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  1. Ever notice that every town, everywhere, has a sign that says "Welcome to Historic _______". That house is like 99% of those towns. Just keep going.
  2. What were the police looking for stopping customers after leaving? People bringing the girls home? It doesn't work that way.
  3. It's a novel legal theory that a (defunct) manufacturer could sue a (deceased) customer for using the product improperly. Has that ever worked before? A defense lawyer would argue that their marketing of the product encouraged such use. The gun industry's position has always been that as long as the bullets fly when and where the shooter intended them to, the gun was working properly, and they bear no liability for the shooter's intent.
  4. Test cricket is where the teams play until everyone is out, so a match can take days. It is usually the international championship level. I was out sick for a period in the 1990s and watched cricket on TV. It became much more interesting after I looked up the rules. Interesting rules that I remember are: They use the same ball for the whole innings. Wear and tear on the ball affects how it plays, which becomes part of strategy. The umpire will not replace a ball unless it is completely falling apart. If the ball goes into the crowd, the fans have to throw it back so it can continue to be used. Catching a fly ball means the player is out, but the outfielders aren't allowed to wear gloves. Still the batters avoid hitting the ball into the air because its relatively likely to get out that way, until its near the end of the game and the team is desparate for runs. The umpires will not render a decision on anything unless a player asks them to. This is the "How's That?" or "Howzzat!" call, which is supposed to be done politely, but players tend to do it excitedly after making a big out. The umpire responds with a hand signal.
  5. No way you're ever getting that "convenience charge" back. Because you're just rocking in convenience right now.
  6. 1. Who brings machetes to a broom party? 2. If your underwear is still on, you're doing it wrong.
  7. The private schools can throw out their problem kids (disruptive, difficult to educate, or just plain dumb); public schools can't. Which one will have higher test scores? A real head-scratcher there.
  8. "Page Not Found.". So much for the timelessness of TIME. Or is it LIFE where the articles live forever?
  9. You can usually find deer pee under a buck.
  10. When I see these I wonder if @Sidewinder is this much fun in person as well. It's like a mediocre comedian doing a 30 minute monologue about once inadvertently buying eggs that were one day over the sell date.
  11. I use a voltmeter. Along those lines, it's a bad idea to try to identify toxic wastes by flavor.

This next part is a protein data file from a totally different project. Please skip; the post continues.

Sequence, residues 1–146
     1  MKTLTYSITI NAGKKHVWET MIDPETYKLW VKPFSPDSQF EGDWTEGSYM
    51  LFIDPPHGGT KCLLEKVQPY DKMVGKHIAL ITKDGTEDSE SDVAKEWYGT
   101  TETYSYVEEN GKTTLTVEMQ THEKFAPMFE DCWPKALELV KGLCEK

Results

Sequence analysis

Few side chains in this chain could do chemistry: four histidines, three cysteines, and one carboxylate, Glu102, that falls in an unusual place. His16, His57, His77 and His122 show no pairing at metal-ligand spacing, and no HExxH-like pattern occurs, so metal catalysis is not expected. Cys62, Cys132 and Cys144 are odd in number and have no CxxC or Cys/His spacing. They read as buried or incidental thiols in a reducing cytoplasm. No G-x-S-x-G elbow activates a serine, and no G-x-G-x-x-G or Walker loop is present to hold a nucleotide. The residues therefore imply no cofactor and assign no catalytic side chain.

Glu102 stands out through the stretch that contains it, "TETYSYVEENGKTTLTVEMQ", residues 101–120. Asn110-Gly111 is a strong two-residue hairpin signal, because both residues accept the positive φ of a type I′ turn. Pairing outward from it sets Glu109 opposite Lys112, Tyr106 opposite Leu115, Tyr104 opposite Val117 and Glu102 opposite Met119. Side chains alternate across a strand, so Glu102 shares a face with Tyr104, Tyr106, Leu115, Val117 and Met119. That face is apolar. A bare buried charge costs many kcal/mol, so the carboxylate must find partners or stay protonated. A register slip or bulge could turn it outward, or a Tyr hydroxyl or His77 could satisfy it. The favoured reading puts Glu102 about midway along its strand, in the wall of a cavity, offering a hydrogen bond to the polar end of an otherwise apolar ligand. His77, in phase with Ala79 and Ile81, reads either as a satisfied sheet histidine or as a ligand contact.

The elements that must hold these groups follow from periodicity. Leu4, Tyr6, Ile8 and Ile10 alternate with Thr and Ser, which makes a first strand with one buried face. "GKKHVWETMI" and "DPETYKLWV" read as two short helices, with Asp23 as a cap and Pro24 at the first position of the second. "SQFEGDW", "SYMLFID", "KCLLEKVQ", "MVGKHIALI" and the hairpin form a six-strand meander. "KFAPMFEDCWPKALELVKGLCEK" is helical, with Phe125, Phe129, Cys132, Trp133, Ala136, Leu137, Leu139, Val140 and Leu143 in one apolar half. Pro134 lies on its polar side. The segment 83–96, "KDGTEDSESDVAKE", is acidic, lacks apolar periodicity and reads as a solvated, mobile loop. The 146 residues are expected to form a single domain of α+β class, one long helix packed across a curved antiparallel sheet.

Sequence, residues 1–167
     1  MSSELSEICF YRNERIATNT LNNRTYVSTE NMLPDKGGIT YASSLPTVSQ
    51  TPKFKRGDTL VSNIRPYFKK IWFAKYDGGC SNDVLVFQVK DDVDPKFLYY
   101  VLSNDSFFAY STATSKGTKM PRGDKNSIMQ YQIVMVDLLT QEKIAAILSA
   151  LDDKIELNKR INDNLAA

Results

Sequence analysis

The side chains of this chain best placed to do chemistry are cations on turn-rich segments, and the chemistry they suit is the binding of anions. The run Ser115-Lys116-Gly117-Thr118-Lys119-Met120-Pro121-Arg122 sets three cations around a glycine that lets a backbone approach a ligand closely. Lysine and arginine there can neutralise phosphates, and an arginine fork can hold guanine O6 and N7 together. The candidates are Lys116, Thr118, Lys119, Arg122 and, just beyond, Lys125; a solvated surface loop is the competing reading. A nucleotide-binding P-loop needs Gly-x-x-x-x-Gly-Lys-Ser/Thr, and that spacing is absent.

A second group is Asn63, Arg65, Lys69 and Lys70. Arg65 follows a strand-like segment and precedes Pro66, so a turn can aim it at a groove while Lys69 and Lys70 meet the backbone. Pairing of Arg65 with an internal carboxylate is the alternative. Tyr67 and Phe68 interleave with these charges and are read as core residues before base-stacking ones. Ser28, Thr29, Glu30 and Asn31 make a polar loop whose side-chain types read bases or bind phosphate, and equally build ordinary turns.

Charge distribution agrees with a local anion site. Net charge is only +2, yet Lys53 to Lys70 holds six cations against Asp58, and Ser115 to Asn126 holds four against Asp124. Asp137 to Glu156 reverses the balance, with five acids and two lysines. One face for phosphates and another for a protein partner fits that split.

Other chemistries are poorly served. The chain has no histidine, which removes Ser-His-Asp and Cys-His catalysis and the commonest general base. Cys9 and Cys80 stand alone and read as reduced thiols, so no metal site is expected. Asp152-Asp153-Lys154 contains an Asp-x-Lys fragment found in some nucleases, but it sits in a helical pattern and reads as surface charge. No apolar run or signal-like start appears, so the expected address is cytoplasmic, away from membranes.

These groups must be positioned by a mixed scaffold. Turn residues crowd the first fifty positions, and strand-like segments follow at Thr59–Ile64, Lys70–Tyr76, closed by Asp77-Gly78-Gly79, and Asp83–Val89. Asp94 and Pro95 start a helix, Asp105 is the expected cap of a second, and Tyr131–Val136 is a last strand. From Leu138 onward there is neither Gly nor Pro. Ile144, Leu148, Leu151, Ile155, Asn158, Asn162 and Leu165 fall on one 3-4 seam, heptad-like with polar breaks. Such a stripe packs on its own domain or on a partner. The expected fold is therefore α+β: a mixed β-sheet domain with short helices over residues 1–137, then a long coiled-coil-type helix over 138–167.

12. If it has two good block side walls it would be straightforward to build a conventional or truss frame roof across the top of those walls. The metal buildings look inexpensive at first but that is the base price. Their scheme is to upcharge a fortune for every window or door you want. There are also cheap metal carport kits with no walls or only side walls.
  13. This is interesting, especially reading the comments where people talk about how the business works. Delivery company, through a "special arrangement" (i.e. D pays G money) with Google is able to add a "Delivery" button to a restaurant's Google panel which appears first when someone searches for restaurants. Delivery company does not need the restaurant's approval to do this; they do it to every restaurant in towns where they operate, without asking. The "Delivery" button leads to a site controlled entirely by the delivery company. They present a copy of the restaurant's menu (in the vernacular, it has been "scraped" from the restaurant's site, though most people would say "copied" or "stolen") -- thus delivery company can charge customer any price they wanted to. In the initial phase of this scheme (which DoorDash calls the "demand test") customers were charged $16 for a supreme pizza which costs $24 at the restaurant. DoorDash would take orders, call then into the restaurant, and charge the customer $16. DoorDash driver would pick up the pizza and pay the restaurant $24. How would DoorDash make any money at this? Well it turns out that they don't. Their plan is apparently once they have a base of customers happily paying $16 for a $24 pizza-- delivered-- they would approach the restaurant to do it legit. Where the tables might be turned (Ha, restaurant pun) and the delivery company maybe even pays the restaurant a bit less than the in-person menu price. It is unclear to me how many of these customers would keep calling when the price jumps from $16 to $24 + delivery fees, but hey a venture capitalist can dream, can't they?

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